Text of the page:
Germany’s much ballyhooed Energiewende (transition to renewable energy) was supposed to show the whole world how switching over to green energy sources could reduce CO2 emissions, create hundreds of thousands of new jobs, provide cheap electricity to citizens, and heroically rescue the planet.
Australia’s Tony Abbott says the hell with market-distorted, expensive, unreliable, poor-to-rich capital redistribution machine green energies. Cites German failure as reason to abandon them. Photo credit: MystifyMe Concert Photography (Troy) – Creative Commons Attribution 2.0 Generic license.
Ten years later, the very opposite has happened: Germany’s CO2 emissions have been increasing, electricity prices have skyrocketed, the green jobs bubble has popped, and tens of thousands of jobs have disappeared. Worse: tens of billions are being redistributed from the poor to the rich.
Other countries around the world have noticed and are thus having serious second thoughts about industrializing their landscapes with green energy systems like wind, solar and biogas. Germany has proven that green energy does not work well after all.
Spiegel reports here how Australia’s conservative government led by Tony Abbott is now using Germany’s failure as one of the main arguments for getting out of green energies and getting back to affordable and reliable coal power.
Spiegel, perturbed by Abbot’s direction, writes of his doing away with the CO2 emissions trading scheme and his plans to abolish the CO2 tax. Australian industry has been burdened by a 15 euro per tonne CO2 tax while in Europe it is only 5 euros. Spiegel writes:
The prices for raw materials are crumbling, auto manufacturers Ford and Holden, a GM arm, have announced plans to close factories. Mining companies such as BHPBilliton are rethinking their expansion plans. ‘The Australians have their backs up against the wall,’ says Heribert Dieter, expert at the Science and Policy Foundation in Berlin.”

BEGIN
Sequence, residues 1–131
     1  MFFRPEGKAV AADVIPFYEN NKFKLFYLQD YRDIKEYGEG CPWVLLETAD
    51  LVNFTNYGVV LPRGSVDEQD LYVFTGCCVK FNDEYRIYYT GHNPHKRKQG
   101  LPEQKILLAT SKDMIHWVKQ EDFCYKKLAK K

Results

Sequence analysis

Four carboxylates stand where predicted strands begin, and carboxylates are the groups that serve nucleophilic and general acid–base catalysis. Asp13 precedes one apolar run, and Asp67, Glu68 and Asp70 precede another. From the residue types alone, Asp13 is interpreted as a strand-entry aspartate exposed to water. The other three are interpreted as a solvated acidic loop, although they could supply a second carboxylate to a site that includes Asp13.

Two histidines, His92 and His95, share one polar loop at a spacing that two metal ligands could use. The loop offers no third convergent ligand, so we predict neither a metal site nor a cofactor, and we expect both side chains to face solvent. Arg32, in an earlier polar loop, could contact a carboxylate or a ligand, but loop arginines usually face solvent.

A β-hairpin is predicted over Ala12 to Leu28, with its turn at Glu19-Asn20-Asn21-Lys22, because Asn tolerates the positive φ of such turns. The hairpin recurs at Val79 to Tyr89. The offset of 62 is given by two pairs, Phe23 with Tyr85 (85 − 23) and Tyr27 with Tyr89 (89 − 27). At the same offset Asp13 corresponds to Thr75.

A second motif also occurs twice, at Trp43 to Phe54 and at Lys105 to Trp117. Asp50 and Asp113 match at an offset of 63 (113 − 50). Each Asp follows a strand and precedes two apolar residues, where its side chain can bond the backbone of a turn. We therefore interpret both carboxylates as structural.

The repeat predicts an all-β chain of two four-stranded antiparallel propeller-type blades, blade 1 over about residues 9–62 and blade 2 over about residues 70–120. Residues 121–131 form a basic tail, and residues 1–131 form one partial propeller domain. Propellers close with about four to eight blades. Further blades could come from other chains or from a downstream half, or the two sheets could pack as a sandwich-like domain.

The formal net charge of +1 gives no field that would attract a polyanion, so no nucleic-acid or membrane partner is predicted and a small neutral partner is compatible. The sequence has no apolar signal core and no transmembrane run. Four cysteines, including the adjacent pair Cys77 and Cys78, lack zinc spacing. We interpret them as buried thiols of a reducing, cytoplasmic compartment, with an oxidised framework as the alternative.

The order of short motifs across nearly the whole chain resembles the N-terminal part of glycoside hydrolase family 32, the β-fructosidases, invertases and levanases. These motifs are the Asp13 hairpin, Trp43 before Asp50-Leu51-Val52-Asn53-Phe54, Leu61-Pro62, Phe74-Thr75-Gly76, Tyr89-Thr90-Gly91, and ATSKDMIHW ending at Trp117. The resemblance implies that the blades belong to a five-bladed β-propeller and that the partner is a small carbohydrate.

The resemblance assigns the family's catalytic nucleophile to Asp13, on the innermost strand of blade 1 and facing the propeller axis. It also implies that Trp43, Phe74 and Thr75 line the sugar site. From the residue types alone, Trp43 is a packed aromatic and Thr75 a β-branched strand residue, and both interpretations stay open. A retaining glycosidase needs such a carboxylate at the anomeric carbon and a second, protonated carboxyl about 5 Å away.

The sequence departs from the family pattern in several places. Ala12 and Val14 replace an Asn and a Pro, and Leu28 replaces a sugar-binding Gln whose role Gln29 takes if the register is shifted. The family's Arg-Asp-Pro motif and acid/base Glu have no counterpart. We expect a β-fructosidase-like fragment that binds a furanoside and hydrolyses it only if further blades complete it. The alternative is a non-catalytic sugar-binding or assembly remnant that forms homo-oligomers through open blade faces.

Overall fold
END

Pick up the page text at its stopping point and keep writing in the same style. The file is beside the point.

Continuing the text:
What’s especially embarrassing for German greens and the green media like Spiegel is that countries around the world are now citing Germany’s failure in marshaling through the Energiewende as a reason to abandon the green path. Germany is showing the world how not to produce energy.
In Germany the mad rush to green energies has led to skyrocketing electricity costs, crony capitalism, massive redistribution of wealth from the poor to the rich, and an unstable power supply. Moreover, energy-intensive companies are exempted from paying the green energy feed-in surcharges, and thus leaving the lowly consumers to foot the entire bill.
One German mid-size company I know in the local area covered its sprawling factory roof with thousands of square feet of solar panels and today sells the solar energy produced to power companies at an exorbitant price (approx. $0.50/kwh). Then, to power its factory, the company turns around and buys the very same power at a fraction of the price (roughly $0.20/kwh). What’s really perverse is that the same company is also exempt from paying the green energy feed-in surcharge, because it claimed excessive hardship from its “energy-intensive” manufacturing operations and associated energy costs. Twisted and distorted or what!
In summary: Germany’s energy market has been transformed into a grotesque market distortion and redistribution of wealth scheme from the poor to the rich. Abbott is absolutely right not to go down this socially and politically dubious path.
Spiegel sniffs that Abbott has simply brushed aside all the criticism from environmental organisations being fired his way. Spiegel writes “quotes translated from the German):
The premier does not let himself be misled, and reminds everyone that in Germany the costs for the Energiewende have exploded. The country that was once a model is now a dissuasive example. “We can’t afford to follow Germany’s example,” Ron Boswell, Senator of the state of Queensland is quoted as saying in ‘The Australian’. Because of its expansion of renewable energy sources, Germany has the highest energy prices in the world. “We would be better off learning from the United States,’ Boswell believes. There energy is about three times cheaper than in Australia.”